Tripoli bombardment intensifies

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Bombardment of the Libyan capital Tripoli intensified residents said as the UN envoy called for a return to a ceasefire agreed last month and eastern forces said they shot down several drones.

Residents said shelling was among the heaviest since the ceasefire was agreed as artillery blasts echoed through the city centre and black smoke billowed near Mitiga airport held by the government.

Fighting between the Libyan National Army (LNA) of eastern-based leader Khalifa Haftar and the internationally recognised Government of National Accord (GNA) in Tripoli, came as the UN attempted peace talks in Geneva.

Speaking in the Swiss city, UN special representative Ghassan Salame said the past 24 hours saw “a serious truce violation” and called for all sides to again respect the ceasefire.

Shelling of Mitiga airport, held by the GNA, forced suspension of flights for hours at a time on consecutive days last week and new damage to a hangar was visible after Friday’s bombardment.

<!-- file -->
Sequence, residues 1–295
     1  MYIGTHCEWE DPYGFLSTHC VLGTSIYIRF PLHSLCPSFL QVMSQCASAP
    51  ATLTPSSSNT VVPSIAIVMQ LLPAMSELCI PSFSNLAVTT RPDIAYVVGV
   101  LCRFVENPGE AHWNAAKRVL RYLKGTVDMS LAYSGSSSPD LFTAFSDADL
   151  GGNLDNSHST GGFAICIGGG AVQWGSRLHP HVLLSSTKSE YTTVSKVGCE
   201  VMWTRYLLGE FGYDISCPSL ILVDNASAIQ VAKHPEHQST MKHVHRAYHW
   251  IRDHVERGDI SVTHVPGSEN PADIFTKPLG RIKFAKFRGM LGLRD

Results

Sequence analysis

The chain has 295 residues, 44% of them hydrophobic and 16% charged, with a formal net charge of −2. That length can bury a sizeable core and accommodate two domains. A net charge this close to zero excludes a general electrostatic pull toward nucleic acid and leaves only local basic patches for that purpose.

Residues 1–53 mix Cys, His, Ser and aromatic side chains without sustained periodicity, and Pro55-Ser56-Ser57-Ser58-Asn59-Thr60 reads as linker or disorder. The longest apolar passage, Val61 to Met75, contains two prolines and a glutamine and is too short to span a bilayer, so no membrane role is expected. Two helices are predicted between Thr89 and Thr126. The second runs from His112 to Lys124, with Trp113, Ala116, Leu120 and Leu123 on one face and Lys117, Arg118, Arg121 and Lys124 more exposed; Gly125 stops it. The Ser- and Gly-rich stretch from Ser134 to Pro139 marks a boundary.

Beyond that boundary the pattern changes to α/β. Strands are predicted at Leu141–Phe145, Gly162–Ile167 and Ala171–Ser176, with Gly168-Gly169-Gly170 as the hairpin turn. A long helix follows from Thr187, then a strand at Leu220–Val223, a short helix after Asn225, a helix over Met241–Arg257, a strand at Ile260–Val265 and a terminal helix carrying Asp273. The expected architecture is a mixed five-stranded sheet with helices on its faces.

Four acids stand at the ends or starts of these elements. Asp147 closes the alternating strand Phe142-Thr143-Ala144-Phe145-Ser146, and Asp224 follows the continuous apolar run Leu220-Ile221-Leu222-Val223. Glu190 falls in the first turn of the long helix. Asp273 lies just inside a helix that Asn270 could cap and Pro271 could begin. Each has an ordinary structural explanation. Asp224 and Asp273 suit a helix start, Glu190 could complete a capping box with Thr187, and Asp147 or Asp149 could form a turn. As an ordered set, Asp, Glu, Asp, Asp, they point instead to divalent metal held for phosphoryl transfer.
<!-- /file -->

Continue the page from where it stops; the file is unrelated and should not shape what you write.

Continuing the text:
The town council of Abu Salim, a Tripoli neighbourhood held by the GNA, posted pictures of damaged houses on Facebook, while medics evacuated patients from a hospital near the airport.

The bombing of civilian neighbourhoods of Tripoli “may amount to war crimes”, the UN Libya mission said in a statement.

The mission condemned an attack on Thursday it said killed five family members in an area held by the LNA, which attributed the blast to a drone strike.

The LNA is backed by Egypt and the United Arab Emirates, while the GNA is supported by Turkey and allied fighters from Syria.

Haftar began his attack on Tripoli last year in the latest round of fighting in Libya since the 2011 toppling of strongman Muammar Gaddafi.



The LNA said it shot down at least six Turkish drones, showing images of tangled wreckage whose authenticity Reuters could not immediately verify.